Tag Archive for: NZSPG

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For those of us in the industry we can’t help but be aware of the writers’ and actors’ strikes in the US, not only because of the impact it’s having on international productions coming into New Zealand but also because of the issues being raised, particularly when they relate to having a sustainable career.

Of the 160,000 SAG-AFTRA members on strike for three weeks now, only 10 percent of them are the actors you see working the red carpets and earning massive fees for their performances. 86 percent of their membership (136,600 members) don’t earn the US$26,000 per year required to qualify them for the guild’s health insurance. In 2022, the US Bureau of Statistics reported that the average pay for an actor in California was US$27.73/hr.

In the gig economy of the screen industry in the US where most screen workers are considered independent contractors, the residual* payments that actors used to receive prior to streaming could help them to ride through the choppy waters of no paid acting work between jobs. There’s an article showing supposedly successful actors on highly successful streaming shows and the residuals they received—cents, or sometimes a few dollars. See it here.

The 11,000 WGA members are coming up to 90 days on strike. Like SAG members, WGA members have base minimums that they cannot be paid below for the work they do. The WGA also negotiated residuals for their members. However, over time and particularly with the advent of streaming, what the majority of writers have been paid has dropped towards or onto the minimums, which were negotiated three years ago. At the same time, streaming has continued to grow and the residuals from streaming are measly, unlike what used to be earned as residuals from broadcast, cable, etc. The studios are also trying to use fewer writers to do the work required, amongst a number of other issues for the WGA.

Both guilds are also concerned about how the studios will use Artificial Intelligence to replace humans in the execution of writing and acting work.

The Directors Guild of America was able to reach a settlement that addressed their issues with streamer residuals and AI, and other claims—The reason they aren’t on strike with the writers and actors.

Sitting here in li’l ol’ New Zealand, we can only marvel at the fact that these US guilds have collective agreements in place that offer base minimums, healthcare, superannuation, and residuals amongst other benefits.

Of course, New Zealand is different from the US. We have a public health service (no matter that it’s getting worse by the year). We have accident compensation (ACC). We have a government retirement scheme, which we call ‘super’ or ‘the pension’. And we have Kiwisaver.

But if we look a little closer to home to Australia, where screen workers are generally treated like employees rather than contractors—because most screen workers don’t have the freedom of executing their work how and when they want to—we can see that ‘Fringes’, i.e. holiday pay, superannuation (our Kiwisaver), and workers compensation (our ACC) are built into production budgets and paid accordingly by the production company.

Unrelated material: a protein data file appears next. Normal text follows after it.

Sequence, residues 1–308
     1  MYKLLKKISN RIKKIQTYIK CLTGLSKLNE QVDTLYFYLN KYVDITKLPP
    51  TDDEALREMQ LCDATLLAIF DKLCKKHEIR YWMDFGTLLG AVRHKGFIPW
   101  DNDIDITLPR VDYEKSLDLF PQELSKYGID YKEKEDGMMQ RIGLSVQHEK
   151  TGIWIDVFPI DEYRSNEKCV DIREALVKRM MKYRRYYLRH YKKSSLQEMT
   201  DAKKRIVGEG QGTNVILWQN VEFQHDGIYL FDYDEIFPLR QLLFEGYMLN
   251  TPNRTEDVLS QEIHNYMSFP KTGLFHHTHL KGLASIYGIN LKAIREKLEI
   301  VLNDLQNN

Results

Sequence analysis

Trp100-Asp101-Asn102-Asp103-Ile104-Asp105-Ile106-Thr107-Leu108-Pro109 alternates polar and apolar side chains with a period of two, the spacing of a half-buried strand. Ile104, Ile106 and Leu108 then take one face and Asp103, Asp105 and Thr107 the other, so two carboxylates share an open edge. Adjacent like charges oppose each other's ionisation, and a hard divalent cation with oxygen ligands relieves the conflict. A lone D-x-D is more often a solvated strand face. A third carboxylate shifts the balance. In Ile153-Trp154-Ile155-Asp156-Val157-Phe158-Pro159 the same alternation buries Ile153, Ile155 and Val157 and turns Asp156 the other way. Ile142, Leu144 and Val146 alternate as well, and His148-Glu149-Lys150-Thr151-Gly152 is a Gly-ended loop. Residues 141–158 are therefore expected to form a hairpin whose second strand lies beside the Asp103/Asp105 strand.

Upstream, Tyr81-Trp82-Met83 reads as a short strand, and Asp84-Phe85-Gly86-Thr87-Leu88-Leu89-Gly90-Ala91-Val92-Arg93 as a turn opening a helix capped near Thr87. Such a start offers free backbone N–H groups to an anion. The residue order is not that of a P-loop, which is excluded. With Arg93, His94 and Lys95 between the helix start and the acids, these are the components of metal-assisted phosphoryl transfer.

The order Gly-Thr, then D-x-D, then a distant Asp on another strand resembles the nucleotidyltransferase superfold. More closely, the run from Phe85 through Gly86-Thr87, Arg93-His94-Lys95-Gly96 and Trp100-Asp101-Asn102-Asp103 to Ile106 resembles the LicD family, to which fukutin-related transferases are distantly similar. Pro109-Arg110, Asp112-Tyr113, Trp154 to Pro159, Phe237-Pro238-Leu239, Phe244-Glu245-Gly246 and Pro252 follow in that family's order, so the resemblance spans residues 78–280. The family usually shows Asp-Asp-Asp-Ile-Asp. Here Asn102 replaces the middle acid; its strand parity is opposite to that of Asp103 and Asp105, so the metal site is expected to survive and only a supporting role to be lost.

In New Zealand in the screen industry, pretty much everybody is an independent contractor, even though you are required to turn up at specific times, on specific days, just as employees are required to do.

You, the independent contractor, are required to pay your own taxes, ACC, Kiwisaver, and GST if applicable.
You have no base minimums, meaning you can be paid less than the minimum wage set for employees.

Most below-the-line crew get paid overtime, which stops their pay going below the minimum wage. That’s not the case for writers, directors (and producers), who often do unpaid or low-rate work to create the shows that crew then get hired to work on. This contributes to driving their pay rates below the minimum wage. Take a look at the just released WIFTNZ Screen Industry Gender Pay Survey here. It states that according to the census, approximately 40% of women and 28% of men in the screen industry earn less than the minimum wage.

While crew get to work on international projects where they can charge higher rates and still get their overtime payments if required to work it, it’s almost impossible for NZ above-the-liners to get onto them, apart from actors who might be able to secure supporting or minor roles—domestic production is pretty much all there is.

In New Zealand at this point, there is no established residual system that allows above-the-line creatives to earn some income from their work beyond their fees, to help get them through those times of no or unpaid work. There is, though, a mechanism for producers to gain potential additional income through being gifted equity in a production, either from the NZFC through the ‘producer corridor’ for non-NZ Screen Production Rebate (formerly NZSPG) projects, or through the 40% producer equity gifted to the producer for NZ Screen Production Rebate projects. It’s at the discretion of the producer as to whether or not they will share this equity with anybody else.

Which brings me to the Screen Industry Workers Act, of course. It’s the means by which the guilds and unions in New Zealand hope to address the pay rates, terms, and conditions for New Zealand screen workers to help them have sustainable careers—Something the US guilds have sought and continue to do for their members through decades of negotiation and collective agreements.

We at DEGANZ are preparing for our first negotiation of a collective agreement, which is likely to take place in the first half of 2024.